How to check ceramic resonator?

Hi guys,
I could not find info on the web how to test a ceramic resonator. It has three pins and I don't have easy direct access to them.
I have a USB oscilloscope.
 

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I don't know of any way to test these beyond trying them in a functional circuit. If the chip is good then the oscillator should be running and you would pick that up on the resonator. They are generally very reliable and were extensively used in much commercial gear as system clocks and so on. Most problems were with the two legged variety where a lead would physically fracture and break. That was a number failure mode in remote handsets.

Depending on the frequency a USB scope might be way out of its depth.
 
With the chip in place you check with the oscilloscope to see if there is oscillation on the two pins going to teh chip.
You want to use 10x mode on the probe (1x will guarantee no oscillation as it'll disturb the circuit too much), have the ground clip connect as to the middle pin (or the wavefom is going to get distorted) and tip to either of the edge ones (one is input, one is output and they usually show slightly different waveform level). You may have to zoom in quite a bit horizontally, depending on what the expected frequency is, 4MHz is 250ns so you probably want to get close to this to see a clean waveform with the scope. You cannot test the part as is without the oscillator circuit inside the chip itself (pierce oscillator most typically).
 
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The resonator is 4MHz.

Between OSC1 and OSC2 reads 50Hz, Vpp 10V, chip is inserted but probably defective??
If I need to get to the middle pin it will require complete disassembly.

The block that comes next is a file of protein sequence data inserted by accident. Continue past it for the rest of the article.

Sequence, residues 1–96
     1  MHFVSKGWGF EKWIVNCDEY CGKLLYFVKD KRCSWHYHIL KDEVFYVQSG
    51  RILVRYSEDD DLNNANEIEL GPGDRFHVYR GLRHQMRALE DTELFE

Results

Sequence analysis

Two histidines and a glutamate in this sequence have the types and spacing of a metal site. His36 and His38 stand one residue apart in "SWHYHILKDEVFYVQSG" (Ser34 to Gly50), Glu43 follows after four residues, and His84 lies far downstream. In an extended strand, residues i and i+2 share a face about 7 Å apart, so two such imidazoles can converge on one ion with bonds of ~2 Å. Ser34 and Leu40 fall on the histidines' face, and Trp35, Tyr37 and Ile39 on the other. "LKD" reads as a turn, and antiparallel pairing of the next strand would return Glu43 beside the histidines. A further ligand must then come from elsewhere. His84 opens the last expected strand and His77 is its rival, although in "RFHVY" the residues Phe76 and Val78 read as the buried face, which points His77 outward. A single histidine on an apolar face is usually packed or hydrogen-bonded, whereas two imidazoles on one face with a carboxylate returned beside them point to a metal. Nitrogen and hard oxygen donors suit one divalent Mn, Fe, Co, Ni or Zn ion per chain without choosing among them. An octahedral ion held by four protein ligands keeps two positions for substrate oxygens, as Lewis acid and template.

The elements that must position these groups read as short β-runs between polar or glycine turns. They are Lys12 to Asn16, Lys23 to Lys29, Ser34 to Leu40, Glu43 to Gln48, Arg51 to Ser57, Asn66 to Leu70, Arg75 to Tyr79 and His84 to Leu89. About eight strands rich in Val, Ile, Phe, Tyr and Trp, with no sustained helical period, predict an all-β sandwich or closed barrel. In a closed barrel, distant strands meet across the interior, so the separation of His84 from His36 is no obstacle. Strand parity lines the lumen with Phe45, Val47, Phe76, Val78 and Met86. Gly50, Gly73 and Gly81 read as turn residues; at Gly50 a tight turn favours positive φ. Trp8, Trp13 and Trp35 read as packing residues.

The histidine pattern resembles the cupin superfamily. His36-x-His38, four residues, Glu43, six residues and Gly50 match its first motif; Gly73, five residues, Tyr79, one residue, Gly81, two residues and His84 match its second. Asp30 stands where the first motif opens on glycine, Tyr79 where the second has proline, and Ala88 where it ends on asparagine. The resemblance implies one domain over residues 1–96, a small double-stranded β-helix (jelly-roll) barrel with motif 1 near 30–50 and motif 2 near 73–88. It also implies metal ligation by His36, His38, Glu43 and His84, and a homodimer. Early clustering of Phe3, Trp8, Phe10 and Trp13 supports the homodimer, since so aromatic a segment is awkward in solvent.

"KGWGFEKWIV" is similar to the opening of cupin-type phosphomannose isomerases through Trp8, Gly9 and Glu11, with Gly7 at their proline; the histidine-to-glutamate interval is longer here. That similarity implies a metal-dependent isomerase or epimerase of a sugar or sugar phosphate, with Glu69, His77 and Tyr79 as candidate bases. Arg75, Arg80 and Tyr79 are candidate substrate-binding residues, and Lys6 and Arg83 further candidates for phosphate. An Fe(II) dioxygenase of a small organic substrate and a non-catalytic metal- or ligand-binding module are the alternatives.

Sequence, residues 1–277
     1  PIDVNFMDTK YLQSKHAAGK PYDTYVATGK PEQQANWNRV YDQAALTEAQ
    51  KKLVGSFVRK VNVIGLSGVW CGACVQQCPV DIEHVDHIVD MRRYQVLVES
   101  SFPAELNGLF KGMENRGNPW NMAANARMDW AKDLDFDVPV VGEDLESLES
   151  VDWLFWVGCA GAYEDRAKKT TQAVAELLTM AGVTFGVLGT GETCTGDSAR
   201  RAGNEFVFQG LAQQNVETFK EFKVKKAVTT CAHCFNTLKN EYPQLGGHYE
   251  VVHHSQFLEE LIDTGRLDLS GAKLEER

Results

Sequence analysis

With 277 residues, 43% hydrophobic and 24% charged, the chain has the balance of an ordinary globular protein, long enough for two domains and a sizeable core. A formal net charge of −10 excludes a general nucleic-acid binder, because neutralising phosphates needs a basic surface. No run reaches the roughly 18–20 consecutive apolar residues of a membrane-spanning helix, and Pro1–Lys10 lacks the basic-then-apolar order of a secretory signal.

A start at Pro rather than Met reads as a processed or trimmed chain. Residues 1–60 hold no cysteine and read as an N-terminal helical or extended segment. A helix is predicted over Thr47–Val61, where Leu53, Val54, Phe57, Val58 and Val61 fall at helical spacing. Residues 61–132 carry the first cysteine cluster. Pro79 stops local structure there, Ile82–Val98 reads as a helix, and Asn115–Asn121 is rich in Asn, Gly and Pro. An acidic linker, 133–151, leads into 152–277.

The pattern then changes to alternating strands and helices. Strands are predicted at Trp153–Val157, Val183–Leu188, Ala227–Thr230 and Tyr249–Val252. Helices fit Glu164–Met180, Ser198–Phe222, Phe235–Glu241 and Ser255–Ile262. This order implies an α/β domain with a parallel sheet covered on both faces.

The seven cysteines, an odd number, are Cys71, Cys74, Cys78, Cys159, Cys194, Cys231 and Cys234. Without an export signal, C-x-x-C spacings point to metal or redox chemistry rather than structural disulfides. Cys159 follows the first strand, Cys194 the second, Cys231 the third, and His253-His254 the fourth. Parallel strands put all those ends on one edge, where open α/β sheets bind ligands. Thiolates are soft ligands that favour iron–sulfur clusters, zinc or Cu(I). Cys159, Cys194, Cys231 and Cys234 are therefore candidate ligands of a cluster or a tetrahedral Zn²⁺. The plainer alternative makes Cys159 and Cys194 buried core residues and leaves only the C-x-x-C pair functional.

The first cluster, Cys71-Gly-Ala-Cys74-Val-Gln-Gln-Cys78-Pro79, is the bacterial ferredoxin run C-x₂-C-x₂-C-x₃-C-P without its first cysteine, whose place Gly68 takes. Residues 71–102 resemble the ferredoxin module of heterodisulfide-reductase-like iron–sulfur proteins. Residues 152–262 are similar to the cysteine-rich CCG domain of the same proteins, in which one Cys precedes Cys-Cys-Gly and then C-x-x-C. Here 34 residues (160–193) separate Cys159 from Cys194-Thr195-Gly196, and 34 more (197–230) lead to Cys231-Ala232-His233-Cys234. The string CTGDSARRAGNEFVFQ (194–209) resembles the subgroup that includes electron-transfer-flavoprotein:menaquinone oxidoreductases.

What is the right course of action? Preventive resonator replacement?
 

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You have to set your timebase to much faster(it is at between 10ms...100ms, it needs to be at 100ns), since it is a digital scope it will be aliasing like crazy with such slow timebase + such fast signal.
The oscillator is definitely doing something so it is probably not the problem, but you got to zoom in first to verify it is at roughly 4MHz. Right now you're seeing artifacts pretty much.
 
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If I need to get to the middle pin it will require complete disassembly.
I would have thought the middle pin was ground. AFAIK the three terminal resonators simply include the two tiny caps needed to form an oscillator while the two pin ones do not.

Lots of 50Hz suggests a ground problem somewhere (floating). Make sure the scope probe is grounded correctly (I would say to the ground that the centre pin goes to) and recheck. You also need to look at the spec of the scope as you need at least a bandwidth of 4Mhz and preferably a lot more. You should see a nice sine at 4Mhz.
 
Full endorsement of Mooly's advice. Further, probe OSC2 (pin 18) with x10 probe with scope grounded to circuit common, DC coupling. You should see 4MHz, centered at mid-supply if bias (and processor) is operating properly.